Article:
Sensorimotor control of foot function: Adapting the mechanical function of the foot to optimise balance and gait performance (2016–2019)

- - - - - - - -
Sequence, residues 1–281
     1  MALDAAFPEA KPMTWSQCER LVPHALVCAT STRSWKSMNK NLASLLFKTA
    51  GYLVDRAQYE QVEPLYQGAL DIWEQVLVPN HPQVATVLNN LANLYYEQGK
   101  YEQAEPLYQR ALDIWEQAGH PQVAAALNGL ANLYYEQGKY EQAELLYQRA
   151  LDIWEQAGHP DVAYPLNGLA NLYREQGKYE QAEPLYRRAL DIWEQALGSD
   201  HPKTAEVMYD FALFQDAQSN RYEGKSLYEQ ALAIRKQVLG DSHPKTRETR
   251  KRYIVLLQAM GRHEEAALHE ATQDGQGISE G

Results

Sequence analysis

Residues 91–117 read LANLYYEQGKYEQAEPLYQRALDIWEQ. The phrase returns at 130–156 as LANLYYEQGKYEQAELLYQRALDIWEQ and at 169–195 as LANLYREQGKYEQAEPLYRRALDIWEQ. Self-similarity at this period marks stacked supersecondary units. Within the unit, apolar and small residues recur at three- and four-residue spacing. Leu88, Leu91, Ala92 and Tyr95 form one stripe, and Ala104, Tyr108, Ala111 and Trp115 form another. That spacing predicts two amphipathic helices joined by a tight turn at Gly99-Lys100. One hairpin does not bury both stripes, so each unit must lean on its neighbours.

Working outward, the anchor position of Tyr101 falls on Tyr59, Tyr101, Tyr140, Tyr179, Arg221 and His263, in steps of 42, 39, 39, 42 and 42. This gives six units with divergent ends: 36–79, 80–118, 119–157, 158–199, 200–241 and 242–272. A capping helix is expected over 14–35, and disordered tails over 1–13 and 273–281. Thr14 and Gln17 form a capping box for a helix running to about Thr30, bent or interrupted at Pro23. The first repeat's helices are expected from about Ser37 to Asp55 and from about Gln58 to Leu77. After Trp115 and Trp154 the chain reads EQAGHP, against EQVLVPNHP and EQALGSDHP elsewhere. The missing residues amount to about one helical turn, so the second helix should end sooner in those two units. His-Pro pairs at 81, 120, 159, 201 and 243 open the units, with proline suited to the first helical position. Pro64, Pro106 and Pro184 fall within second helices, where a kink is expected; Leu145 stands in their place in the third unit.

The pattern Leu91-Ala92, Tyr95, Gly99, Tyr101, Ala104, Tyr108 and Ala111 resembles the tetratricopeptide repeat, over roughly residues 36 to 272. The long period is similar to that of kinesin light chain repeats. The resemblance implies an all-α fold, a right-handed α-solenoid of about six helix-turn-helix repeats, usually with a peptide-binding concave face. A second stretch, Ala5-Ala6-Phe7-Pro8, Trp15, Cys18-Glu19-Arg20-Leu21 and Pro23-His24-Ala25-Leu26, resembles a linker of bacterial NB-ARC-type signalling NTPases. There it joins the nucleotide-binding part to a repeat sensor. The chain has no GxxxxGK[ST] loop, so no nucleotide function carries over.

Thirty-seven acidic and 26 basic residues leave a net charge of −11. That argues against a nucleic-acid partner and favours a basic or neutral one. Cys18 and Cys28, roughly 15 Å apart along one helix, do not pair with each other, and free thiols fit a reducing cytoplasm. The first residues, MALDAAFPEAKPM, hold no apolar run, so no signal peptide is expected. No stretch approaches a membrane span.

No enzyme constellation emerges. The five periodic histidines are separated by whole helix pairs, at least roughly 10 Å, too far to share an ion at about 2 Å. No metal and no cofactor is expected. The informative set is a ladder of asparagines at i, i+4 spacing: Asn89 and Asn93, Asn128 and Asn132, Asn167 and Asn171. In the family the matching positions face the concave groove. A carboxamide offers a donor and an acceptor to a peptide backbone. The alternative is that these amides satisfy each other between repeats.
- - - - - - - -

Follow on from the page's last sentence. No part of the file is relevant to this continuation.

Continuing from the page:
Our feet are burdoned with immense load in our daily lives, and as such, are commonly a source of physiological ailment. In Australia, one in five community dwelling adults report foot pain that impairs both physical function and quality of life, with the prevalence of foot pain increasing with age and being associated with balance impairment and increased risk of falls in the elderly. Despite the importance of feet for balance and upright gait, our understanding of how feet function has been considerably limited. Recently, my research has provided a substantial leap in our understanding, providing novel evidence that the intrinsic foot muscles, a group of small muscles located deep within the arch of the foot, continuously adapt the biomechanical behaviour of the foot in response to variations in force and balance requirements. This new discovery highlights the importance of the intrinsic muscles in balance and gait and also provides explanation for why weakness or dysfunction of these muscles has been linked to many musculoskeletal disorders of the lower limb and also an increased risk of falls in the elderly. However, at present there is no information about how the nervous system controls the function of the intrinsic foot muscles in order to maintain balance, or whether their function can be modified to improve foot health. This research will examine how the brain and spinal cord integrate sensory feedback and muscle activation in response to loading and balance challenges, providing a comprehensive understanding of the role of the foot in balance and locomotion. These findings will also be used to directly inform strategies for enhancing foot function and ultimately reducing injury and pain in this important part of the body.